Species distributions in response to individual soil nutrients and seasonal drought across a community of tropical trees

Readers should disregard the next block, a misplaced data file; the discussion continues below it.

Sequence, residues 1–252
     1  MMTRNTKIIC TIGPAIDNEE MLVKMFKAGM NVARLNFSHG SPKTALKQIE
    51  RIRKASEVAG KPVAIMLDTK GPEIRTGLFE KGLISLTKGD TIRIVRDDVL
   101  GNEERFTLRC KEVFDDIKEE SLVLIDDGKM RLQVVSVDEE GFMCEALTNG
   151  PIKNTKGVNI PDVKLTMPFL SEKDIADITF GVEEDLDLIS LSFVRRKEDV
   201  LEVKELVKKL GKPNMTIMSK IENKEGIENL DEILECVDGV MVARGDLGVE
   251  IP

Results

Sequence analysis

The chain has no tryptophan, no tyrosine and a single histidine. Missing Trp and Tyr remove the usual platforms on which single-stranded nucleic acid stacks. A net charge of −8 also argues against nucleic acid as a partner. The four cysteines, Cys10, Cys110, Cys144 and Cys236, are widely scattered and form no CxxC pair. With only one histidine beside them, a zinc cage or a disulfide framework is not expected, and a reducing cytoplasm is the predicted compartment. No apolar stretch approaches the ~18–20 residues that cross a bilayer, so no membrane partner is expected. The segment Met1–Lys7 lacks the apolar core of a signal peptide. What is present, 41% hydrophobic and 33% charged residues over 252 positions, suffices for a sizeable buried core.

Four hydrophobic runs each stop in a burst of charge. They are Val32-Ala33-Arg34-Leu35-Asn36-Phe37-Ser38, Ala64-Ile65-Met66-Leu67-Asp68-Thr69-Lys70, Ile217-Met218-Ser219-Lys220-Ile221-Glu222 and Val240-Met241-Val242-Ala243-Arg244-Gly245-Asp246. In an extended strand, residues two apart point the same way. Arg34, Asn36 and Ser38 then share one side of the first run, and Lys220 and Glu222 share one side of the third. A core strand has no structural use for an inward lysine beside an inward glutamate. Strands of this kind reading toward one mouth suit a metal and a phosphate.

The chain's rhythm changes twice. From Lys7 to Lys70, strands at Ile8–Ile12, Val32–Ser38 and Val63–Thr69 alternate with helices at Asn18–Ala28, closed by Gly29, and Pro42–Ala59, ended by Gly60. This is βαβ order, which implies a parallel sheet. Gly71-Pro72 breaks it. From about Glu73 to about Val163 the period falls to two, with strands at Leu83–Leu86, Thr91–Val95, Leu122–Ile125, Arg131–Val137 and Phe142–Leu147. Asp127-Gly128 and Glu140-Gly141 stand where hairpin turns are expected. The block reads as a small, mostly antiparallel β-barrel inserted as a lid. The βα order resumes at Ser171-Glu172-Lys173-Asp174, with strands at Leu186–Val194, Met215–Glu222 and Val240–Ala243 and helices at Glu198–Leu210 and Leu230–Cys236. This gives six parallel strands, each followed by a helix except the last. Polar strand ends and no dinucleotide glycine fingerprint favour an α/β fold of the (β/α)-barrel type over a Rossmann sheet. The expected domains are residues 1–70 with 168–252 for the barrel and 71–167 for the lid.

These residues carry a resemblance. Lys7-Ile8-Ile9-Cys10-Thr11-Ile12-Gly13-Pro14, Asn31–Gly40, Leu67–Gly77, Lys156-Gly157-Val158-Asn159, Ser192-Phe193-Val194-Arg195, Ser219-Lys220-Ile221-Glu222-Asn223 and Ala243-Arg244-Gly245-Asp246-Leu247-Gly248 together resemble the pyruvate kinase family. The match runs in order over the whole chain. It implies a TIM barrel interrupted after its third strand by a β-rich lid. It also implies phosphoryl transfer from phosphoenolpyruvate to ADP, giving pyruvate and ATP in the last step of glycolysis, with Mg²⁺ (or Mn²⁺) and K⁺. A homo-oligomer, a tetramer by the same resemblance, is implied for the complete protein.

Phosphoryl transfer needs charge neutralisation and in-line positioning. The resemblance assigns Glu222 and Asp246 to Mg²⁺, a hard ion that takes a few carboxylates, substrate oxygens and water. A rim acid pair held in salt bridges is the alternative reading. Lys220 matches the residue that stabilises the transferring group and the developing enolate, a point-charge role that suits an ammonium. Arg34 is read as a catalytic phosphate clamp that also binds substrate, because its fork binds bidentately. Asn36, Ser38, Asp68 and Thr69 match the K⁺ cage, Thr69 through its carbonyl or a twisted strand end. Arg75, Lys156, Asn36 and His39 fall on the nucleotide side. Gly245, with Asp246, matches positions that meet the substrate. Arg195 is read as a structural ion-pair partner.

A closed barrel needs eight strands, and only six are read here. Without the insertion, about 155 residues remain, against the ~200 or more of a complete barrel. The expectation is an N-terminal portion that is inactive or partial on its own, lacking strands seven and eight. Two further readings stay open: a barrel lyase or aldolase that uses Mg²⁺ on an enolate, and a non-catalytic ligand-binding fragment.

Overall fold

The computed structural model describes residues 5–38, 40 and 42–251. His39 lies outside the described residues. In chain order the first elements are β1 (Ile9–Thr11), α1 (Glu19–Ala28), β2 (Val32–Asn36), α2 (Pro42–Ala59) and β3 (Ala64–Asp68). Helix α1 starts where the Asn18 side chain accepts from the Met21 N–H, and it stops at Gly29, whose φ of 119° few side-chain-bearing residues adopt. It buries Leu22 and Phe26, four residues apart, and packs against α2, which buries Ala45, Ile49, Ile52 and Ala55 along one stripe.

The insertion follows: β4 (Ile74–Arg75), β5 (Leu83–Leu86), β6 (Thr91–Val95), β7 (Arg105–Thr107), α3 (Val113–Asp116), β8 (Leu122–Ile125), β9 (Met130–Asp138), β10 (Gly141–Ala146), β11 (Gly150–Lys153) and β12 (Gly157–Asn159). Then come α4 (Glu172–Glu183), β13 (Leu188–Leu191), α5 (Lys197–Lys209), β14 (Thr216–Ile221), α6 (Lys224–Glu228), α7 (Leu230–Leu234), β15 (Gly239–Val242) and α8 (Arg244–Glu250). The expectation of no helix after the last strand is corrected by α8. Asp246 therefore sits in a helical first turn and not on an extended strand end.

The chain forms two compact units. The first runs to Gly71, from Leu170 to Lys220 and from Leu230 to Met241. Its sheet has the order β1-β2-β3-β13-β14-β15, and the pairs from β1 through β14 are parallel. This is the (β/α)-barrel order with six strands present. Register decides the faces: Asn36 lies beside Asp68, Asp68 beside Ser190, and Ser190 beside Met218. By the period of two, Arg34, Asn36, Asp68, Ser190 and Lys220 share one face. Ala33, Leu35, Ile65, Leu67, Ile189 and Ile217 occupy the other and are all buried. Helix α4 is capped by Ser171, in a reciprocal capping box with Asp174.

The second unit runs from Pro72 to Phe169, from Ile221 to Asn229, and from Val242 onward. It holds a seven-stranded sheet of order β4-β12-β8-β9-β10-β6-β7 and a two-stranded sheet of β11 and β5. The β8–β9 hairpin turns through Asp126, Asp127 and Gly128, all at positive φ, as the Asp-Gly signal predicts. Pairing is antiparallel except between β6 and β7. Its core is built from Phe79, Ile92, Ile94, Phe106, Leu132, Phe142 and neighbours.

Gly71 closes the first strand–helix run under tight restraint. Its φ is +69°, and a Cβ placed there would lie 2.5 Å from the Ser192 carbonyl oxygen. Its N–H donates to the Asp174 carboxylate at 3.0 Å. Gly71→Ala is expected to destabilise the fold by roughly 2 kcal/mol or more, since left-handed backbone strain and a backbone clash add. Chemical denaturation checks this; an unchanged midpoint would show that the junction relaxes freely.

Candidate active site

Tropical forest vegetation is shaped by climate and by soil, but understanding how the distributions of individual tree species respond to specific resources has been hindered by high diversity and consequent rarity. To study species over an entire community, we surveyed trees and measured soil chemistry across climatic and geological gradients in central Panama and then used a unique hierarchical model of species occurrence as a function of rainfall and soil chemistry to circumvent analytical difficulties posed by rare species. The results are a quantitative assessment of the responses of 550 tree species to eight environmental factors, providing a measure of the importance of each factor across the entire tree community. Dry-season intensity and soil phosphorus were the strongest predictors, each affecting the distribution of more than half of the species. Although we anticipated clear-cut responses to dry-season intensity, the finding that many species have pronounced associations with either high or low phosphorus reveals a previously unquantified role for this nutrient in limiting tropical tree distributions. The results provide the data necessary for understanding distributional limits of tree species and predicting future changes in forest composition.